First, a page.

Still Curious about "For the More Curious"


I’ve missed something important, because I haven’t been able to figure out how to make the paging UIScrollView work.

(1) create new window-based project
(2) create a new UIViewController file
(3) add the loadview method shown in the “For the More Curious” section, and …

I know I need to do something to the appDelegate to make this work, but I don’t know what.


You’ll have to instantiate your view controller subclass and then add its view to the window’s list of subviews, thus inserting all of the views created in the view controller’s loadView method into the visible view hierarchy.


Thanks, Joe. That did the trick. I’m trying to make this work in landscape orientation to test my understanding.

The problem seems to be initWithFrame:frame in:
UIView *aView = [[[UIView alloc] initWithFrame:frame] autorelease]

Do you have to define a rectangle manually, or is there a way to use the “preferred” (according to the documentation) applicationFrame method to define the CGRect frame?


You can get a rectangle that encompasses the amount of screen real-estate you have to work with (minus the status bar) by doing the following:

CGRect r = [[UIScreen mainScreen] applicationFrame];


Thanks, Joe. That’s actually the code already given in the book.

I’m trying to resize the view so that it will fill the window in landscape orientation. Currently, in landscape orientation, the view’s bottom half is cut off and the view does not fit the entire width of the landscape-orientated window.


Have you set the autoresizing masks to grow and shrink with the superview?


Like this?

[aview setAutoresizingMask: NSViewHeightSizable];
[aview setAutoresizingMask: NSViewWidthSizable];

[bview setAutoresizingMask: NSViewHeightSizable];
[bview setAutoresizingMask: NSViewWidthSizable];


Close, but a couple of things:

NSViewHeightSizable is the Cocoa version, you’ll need things like UIViewAutoresizingFlexibleWidth for the masks on the iPhone. (Chapter 9 discusses this… Notification and Rotation.)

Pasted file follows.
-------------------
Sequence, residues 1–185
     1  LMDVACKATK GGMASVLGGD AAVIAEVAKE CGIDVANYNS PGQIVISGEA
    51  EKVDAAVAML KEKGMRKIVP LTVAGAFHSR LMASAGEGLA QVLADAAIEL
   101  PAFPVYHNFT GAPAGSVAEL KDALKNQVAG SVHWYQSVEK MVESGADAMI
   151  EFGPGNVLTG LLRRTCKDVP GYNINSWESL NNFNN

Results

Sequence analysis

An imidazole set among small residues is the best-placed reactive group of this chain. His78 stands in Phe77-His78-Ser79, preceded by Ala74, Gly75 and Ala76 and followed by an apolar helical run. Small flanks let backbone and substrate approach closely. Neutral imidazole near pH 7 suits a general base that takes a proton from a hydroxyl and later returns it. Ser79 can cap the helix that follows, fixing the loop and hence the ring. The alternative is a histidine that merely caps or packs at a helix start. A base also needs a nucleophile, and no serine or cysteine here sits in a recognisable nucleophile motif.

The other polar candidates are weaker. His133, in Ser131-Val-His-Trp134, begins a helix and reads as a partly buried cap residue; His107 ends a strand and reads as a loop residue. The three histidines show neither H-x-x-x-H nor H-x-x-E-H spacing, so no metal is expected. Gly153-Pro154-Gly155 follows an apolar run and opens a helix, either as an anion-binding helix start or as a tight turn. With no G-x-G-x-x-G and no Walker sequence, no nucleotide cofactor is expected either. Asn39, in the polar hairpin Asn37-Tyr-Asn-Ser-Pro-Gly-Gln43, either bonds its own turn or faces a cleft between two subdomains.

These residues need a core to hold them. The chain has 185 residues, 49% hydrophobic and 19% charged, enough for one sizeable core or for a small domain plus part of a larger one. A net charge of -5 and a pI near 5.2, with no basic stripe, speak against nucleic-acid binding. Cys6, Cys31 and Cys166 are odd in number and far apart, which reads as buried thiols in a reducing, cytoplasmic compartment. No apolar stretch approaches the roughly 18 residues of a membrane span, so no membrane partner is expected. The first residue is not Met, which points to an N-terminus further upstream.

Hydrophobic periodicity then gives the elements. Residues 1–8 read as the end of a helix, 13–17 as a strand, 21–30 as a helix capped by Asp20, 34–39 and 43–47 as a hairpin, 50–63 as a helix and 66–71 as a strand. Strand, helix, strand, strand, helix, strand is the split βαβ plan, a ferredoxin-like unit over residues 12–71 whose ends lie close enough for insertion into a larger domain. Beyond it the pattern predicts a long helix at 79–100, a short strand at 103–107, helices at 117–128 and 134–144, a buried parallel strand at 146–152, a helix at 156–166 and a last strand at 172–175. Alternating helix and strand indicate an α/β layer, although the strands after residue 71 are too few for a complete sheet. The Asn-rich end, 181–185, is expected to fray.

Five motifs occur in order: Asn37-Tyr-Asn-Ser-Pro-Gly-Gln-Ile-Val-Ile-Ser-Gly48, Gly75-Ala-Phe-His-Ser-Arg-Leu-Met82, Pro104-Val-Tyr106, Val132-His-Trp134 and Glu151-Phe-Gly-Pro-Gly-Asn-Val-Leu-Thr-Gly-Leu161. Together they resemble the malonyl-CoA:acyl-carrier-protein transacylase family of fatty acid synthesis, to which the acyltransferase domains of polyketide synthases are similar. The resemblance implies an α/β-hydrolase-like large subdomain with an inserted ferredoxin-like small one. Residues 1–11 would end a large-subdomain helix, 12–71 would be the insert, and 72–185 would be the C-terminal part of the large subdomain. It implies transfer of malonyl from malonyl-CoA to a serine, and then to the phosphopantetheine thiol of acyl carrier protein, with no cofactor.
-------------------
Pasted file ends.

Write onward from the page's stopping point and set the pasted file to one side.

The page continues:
Also, setAutoresizingMask: needs a combination of all the resizing masks. The way you have it now, both aview and bview only have resizable width - the height portion is replaced the second time you call setAutoresizingMask:.

Therefore, you’ll need code that looks like this:

[aview setAutoresizingMask:UIViewAutoresizingFlexibleWidth | UIViewAutoresizingFlexibleHeight];

Also, for a full screen view, you’ll want to anchor each size of the view to its superview. Add UIViewAutoresizingFlexibleTopMargin as well as the other three (bottom, left, right) and the height/width ones, and it should rotate properly.


The snip of code:

CGRect frame = [[UIScreen mainScreen] applicationFrame];

Does not return a CGRect that takes into account the UITabBar. So when adding a HypnosisView the view draws at 460.0 (pixels?) which leaves a little extra that the user could scroll up and down. Not exactly the desired effect. Other than manually adjusting (by subtracting 49.0) how do we take it into account?

I’m guessing this may be because the UITabBar view and the UIScrollView are siblings… but I am literally taking a stab in the dark with that guess.


A UITabBarController will automatically resize the view of its active view controller to fit, so this shouldn’t be an issue.


Would you mind double checking my code? The UITabBarController doesn’t seem to be automatically resizing…


#import <UIKit/UIKit.h>

@interface ViewControllScrollAppDelegate : NSObject <UIApplicationDelegate> {